A fascinating educational video on LiPo safety was sent in by a website member.
LiPo batteries are in widespread use in consumer devices. In particular, they are used to power laptop computers. With widespread laptop use in commercial airliner flights, the FAA conducted a series of experiments.
The experiments shown in the video explore the causes of LiPo fires and the effectiveness of various methods for extinguishing them. Yes, the “burning fire” border is distracting and does not add anything to the video. Just ignore it. The video is well worth watching.
I am sure all of us have watched LiPo fire videos before. Heck, I have even seen a couple of them in person. This video is a bit different. These are professionals conducting experiments under controlled conditions. Some of the experiments are very interesting, with surprising results.
The first section of the video looks like amateur footage at the Los Angeles International airport. It looks to me like a laptop was being charged up before a flight. You can see white smoke slowly coming out of it. All of a sudden, it explodes. A fire starts, and there is a lot of commotion at the airport. As the different cells in the battery pack ignite, the fire reignites. My understanding is that the thick white smoke from a LiPo fire is very toxic. Stay away from it.
The next part of the video explains that LiPo batteries become dangerous when their internal temperature reaches 350 F (175 C). A key point is made here: a LiPo explosion can be triggered just by external heating. For example, if the wiring connecting the battery pack to the speed control is too thin and overheats, that is enough to start a LiPo fire.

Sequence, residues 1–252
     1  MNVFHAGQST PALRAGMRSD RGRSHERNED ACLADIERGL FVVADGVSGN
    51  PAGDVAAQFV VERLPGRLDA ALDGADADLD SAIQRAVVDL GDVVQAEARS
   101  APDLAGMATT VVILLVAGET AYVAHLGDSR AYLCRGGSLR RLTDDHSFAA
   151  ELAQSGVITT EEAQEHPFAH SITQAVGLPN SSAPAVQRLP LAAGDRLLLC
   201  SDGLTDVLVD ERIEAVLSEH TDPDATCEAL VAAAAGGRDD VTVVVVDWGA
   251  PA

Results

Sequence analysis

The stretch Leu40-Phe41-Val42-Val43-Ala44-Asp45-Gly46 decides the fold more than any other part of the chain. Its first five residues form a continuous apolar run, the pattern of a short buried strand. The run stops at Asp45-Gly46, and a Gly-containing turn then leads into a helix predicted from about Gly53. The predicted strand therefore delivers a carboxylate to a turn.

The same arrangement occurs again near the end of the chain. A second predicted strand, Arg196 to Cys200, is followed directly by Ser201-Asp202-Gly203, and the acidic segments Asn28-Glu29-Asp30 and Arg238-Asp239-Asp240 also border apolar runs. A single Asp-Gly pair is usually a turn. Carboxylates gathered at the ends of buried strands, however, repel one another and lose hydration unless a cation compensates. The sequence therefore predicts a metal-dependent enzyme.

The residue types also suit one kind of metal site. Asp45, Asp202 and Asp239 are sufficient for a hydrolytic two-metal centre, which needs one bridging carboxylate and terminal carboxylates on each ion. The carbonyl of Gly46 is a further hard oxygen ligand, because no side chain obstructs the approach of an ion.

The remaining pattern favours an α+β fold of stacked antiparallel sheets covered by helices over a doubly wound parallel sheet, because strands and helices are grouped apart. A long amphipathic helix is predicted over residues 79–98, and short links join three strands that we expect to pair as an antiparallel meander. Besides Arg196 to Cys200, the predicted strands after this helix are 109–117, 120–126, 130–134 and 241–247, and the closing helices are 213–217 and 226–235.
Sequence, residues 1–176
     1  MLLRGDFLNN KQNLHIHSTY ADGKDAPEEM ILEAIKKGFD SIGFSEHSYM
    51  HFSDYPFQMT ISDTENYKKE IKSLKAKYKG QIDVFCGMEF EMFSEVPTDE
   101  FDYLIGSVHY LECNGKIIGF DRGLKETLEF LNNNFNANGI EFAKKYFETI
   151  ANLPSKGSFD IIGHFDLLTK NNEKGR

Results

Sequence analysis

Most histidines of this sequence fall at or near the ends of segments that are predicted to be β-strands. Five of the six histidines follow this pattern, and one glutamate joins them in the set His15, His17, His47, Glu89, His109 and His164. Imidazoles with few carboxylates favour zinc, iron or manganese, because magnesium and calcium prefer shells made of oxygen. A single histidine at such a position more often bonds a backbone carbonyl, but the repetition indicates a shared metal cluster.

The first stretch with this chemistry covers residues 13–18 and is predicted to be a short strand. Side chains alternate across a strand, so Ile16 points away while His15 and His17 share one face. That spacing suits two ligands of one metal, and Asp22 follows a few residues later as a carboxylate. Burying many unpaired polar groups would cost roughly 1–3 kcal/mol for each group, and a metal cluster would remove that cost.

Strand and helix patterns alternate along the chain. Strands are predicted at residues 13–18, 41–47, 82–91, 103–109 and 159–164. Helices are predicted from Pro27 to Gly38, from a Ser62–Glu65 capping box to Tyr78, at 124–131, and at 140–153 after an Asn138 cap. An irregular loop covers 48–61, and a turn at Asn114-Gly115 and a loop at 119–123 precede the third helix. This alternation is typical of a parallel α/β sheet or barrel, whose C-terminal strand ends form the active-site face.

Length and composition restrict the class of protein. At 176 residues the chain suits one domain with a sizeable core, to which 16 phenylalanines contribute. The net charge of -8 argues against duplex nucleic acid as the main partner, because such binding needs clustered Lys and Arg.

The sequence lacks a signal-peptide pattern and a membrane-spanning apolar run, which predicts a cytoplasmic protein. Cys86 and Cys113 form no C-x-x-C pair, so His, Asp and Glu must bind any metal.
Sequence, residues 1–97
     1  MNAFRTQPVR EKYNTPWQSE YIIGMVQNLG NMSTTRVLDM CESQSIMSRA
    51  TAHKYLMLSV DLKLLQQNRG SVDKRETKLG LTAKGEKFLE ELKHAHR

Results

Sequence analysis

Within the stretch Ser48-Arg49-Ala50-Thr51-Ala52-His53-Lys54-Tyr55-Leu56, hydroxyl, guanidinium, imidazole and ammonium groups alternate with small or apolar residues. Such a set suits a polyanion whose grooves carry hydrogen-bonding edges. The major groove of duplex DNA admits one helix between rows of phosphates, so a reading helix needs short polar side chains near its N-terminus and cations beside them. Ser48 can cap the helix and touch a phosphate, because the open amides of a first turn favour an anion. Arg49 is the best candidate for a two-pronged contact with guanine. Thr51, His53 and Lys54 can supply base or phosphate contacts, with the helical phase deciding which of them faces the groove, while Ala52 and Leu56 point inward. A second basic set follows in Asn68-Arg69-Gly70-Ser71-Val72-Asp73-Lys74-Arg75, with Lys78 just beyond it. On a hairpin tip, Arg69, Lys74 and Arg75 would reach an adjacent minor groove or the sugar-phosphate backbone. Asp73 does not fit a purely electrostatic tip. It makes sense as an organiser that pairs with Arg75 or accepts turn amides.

To underscore the point, next a LiPo battery is shown being slowly warmed up over a hot plate. The battery is not connected to anything at the time. The explosion is quite violent.
The emergency response needs to have two goals. First, to extinguish the fire. Second, to cool the remaining cells so they do not reach the thermal runaway point.
The most effective option is plain water. It kills the fire and cools the battery. If plain water is not available, any soda can or juice drink can be substituted. No, do not use alcoholic drinks.
A halon fire extinguisher can be used to kill the fire. But then you have to follow it up with water to cool the battery. A halon fire extinguisher by itself will not prevent additional cells from igniting.
Very interestingly, they strongly recommend against using ice or other smothering substances like sand. They act like an insulator, actually speeding up the thermal runaway of the remaining battery cells.
- Do not try to pick up or move the battery pack. When a cell explodes, it does so without warning. Serious burns and other injuries can result.
- Stay away. The smoke is toxic. Explosions can be very violent.
- If water is available, douse the battery pack to prevent additional cells from exploding.